This is my column, which ran Tuesday July 10 in the Monitor. By coincidence (or, rather, because multiple reporters get story ideas from obvious phenomena like a wicked bad heat wave) a couple of major outlets ran similar analysis later in the week, including Inside Climate News and the New York Times. But I’m the only one who focused on New Hampshire! … Also, a reader pointed me to Penn State research that says jet contrails (no, not “chemtrails”) affect nighttime temperature more than daytime, which is kind of weird..
Perhaps you noticed that it got really hot last week. What I noticed is that it never got cool.
That sounds like a distinction without a difference, but it’s important, both for what it does to our health and as a reflection of how the changing climate alters things in complex ways.
Computer models have long predicted that increasing greenhouse gases in the atmosphere will raise nighttime temperatures more than it raises daytime temperatures. That seems weird to me, but Mary Stampone, a UNH professor of geography who is the New Hampshire state climatologist, says the data supports it.
“Twenty years ago, when they were starting to pick out the different trends, different variables other than just global average, one of the projections is that the colder temperature are going to increase at a faster rate than the warmer ones … and nighttime temperatures increase at a faster rate than daytime. We’re seeing that happen,” she said.
There were plenty of anecdotes about this effect during the recent heat wave: Mount Washington Observatory tied its warmest-ever nighttime, bottoming out at 61 degrees on July 2, while Burlington, Vt., broke its warmest-night record that same night when the temperature never fell below 80. Most eye-popping of all, the city of Quriyat in Oman broke the world record for “highest low temperature” – it never got below 109 degrees on June 28. Yes, 109.
Stampone found that the number of really hot days per year – the number of 24-hour periods that had a maximum temperature above 90 degrees – didn’t change during this period. The annual average increased by about one day per year, which is not statistically significant.
On the other hand, the number of not-cool nights per year – those where the minimum temperature never fell to 60 degrees or less – did change. On average, the number of nights that don’t get below 60 degrees over the course of the year has increased by 9 over the period of record.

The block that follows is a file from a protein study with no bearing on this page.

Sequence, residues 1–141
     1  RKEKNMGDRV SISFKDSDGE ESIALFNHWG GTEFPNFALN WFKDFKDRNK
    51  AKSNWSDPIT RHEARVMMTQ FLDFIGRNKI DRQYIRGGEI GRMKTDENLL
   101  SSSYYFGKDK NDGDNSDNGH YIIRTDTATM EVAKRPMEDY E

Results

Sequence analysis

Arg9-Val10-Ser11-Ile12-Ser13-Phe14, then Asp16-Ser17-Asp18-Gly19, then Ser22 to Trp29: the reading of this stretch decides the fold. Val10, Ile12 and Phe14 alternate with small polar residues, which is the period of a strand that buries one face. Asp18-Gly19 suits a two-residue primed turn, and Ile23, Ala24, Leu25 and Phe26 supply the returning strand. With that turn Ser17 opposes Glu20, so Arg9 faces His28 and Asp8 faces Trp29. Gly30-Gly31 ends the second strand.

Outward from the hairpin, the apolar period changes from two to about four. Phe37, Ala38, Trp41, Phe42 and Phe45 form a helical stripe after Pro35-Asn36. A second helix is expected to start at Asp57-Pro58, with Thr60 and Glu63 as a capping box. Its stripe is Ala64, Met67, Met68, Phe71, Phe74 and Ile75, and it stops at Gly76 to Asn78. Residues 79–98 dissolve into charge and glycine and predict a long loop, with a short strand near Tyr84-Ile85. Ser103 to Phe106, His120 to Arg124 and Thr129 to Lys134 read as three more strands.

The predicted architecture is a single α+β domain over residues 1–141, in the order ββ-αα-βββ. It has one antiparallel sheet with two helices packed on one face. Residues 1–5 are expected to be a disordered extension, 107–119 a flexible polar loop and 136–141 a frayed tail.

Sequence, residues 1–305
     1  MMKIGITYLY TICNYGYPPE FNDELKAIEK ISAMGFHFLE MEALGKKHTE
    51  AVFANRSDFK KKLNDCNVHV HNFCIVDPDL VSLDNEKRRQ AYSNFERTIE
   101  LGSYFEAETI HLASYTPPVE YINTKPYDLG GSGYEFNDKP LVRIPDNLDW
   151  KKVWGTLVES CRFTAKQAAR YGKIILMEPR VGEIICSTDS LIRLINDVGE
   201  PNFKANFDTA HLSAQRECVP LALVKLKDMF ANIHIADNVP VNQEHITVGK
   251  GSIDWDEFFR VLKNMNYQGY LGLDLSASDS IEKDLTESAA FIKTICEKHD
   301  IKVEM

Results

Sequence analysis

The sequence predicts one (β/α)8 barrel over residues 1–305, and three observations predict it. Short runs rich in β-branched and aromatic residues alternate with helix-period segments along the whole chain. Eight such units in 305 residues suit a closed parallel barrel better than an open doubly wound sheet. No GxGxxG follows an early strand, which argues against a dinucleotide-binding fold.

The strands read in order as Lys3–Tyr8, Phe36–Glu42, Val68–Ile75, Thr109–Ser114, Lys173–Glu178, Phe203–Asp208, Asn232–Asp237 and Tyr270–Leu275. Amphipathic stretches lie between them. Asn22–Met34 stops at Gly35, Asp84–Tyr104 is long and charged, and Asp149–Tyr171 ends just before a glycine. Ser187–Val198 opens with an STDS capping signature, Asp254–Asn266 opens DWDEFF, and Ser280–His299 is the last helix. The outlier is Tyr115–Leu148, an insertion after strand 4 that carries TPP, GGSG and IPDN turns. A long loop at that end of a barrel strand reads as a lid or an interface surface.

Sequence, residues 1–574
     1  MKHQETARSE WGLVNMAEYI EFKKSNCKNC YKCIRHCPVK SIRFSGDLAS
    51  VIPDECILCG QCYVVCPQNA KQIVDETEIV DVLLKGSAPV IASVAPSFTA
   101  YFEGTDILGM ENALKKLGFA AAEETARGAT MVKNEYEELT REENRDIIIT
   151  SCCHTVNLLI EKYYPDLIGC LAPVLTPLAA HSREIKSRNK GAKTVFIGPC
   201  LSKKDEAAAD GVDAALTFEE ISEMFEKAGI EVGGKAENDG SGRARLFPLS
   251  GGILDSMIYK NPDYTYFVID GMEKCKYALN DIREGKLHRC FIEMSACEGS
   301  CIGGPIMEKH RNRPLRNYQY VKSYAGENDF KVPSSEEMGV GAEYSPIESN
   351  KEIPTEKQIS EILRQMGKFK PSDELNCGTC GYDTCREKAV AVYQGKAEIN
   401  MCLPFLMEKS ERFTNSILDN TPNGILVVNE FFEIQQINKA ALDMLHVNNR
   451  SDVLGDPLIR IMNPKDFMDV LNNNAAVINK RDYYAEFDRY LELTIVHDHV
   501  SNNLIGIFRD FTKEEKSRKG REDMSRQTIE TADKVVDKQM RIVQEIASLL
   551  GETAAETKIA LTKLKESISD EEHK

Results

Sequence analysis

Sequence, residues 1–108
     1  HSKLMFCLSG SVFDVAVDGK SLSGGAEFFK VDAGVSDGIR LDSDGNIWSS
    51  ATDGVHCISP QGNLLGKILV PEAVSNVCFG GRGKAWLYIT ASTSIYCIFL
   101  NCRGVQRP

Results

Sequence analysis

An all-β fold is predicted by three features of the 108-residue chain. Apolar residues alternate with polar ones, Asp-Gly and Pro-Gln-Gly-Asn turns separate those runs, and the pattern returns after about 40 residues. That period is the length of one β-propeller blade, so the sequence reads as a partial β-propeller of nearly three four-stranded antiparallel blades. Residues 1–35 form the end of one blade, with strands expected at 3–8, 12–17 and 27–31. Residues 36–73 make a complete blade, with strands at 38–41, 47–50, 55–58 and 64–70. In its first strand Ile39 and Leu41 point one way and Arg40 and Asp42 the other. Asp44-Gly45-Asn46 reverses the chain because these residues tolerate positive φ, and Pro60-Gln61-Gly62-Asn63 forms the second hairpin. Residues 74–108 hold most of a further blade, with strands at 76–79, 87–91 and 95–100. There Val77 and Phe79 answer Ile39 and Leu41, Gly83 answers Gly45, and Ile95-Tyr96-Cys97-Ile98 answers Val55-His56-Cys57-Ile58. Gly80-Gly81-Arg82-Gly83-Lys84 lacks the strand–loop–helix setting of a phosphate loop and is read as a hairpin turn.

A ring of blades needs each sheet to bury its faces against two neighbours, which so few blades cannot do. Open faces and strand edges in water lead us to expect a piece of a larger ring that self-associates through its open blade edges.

In case you’re wondering, Concord airport didn’t get down to 60 degrees for a single night during the heat wave. The minimum overnight temperature was at least 61 from June 27 through last Friday.
Stampone also looked at maximum and minimum temperatures each day over the 77-year period during the three months that meteorologists consider to be summer: June, July and August.
“There is no trend in maximum daily temperature from 1940 to 2017, but minimum temperatures have increased by 2.5 degrees Fahrenheit,” she said. “That is a pretty stark difference.”
What causes this difference? It seems to be at least partly based on behavior of the atmospheric boundary layer, the air that is most changed by reflected heat from the ground.
The boundary layer shrinks at night as temperatures fall, going from kilometers high during the day to a few hundred meters at night.
Greenhouse gases are warming the planet by preventing the escape of heat, which doesn’t change much from daytime to nighttime.
Because the volume of atmospheric gases is much smaller at night, this greenhouse gas effect has more effect per volume than it does during the day. It’s sort of like the way a given amount of stovetop heat will raise the water temperature more when the pot is half-full than when it’s completely full.
This is also part of the reason colder areas, especially polar regions, are being hurt more by the changing climate, although many other factors are probably more important, such as patterns of global movement of the atmosphere and ocean currents.
It is possible to find some positives to this night-versus-day discrepancy. For example, it alleviates some of the strain that increased heat puts on the electric grid, because at night the power load goes down so there’s more capacity to run extra air conditioning.
But there are more negatives. People can handle a surprising amount of heat as long as some is released overnight, so reducing our nighttime cooling can have serious health consequences. It hurts the environment for the same reason.
And here’s something else to remember: We’re continuing to change. It’s not like we’ve gone to a new pattern of warm and cool and will stay there – if current trends in pollution and land use continue, in a decade we’ll look back on the summer of 2018 and wish we could be that comfortable again. Keep that in mind next time your bedroom is too hot to sleep in.
I wish I could say I was delighted by this article… but not much delightful in this news. I will say it was news in the good sense of the word… you shone a light… I mean… you added a train track coming into the tunnel… I mean… should I switch to the frog-in-the-pot bit? Perhaps more apropos… sorry…. brain-fry.
There’s an issue of depression among environmental researchers and writers – the news is just so consistently bad. But on we go!
20 plus years ago I ran the numbers for Seattle. Same result. I plotted the record highs and record low high by year. The record highs went up slowly but the record low highs increased twice as fast. Converging lines. My theory is the greenhouse gases are acting like clear clouds in the sky they let the light in but don’t let the heat out at night. A planet closer to the sun has the same phenomenon clear clouds of CO2 but at a much higher temperature with little variation night to day.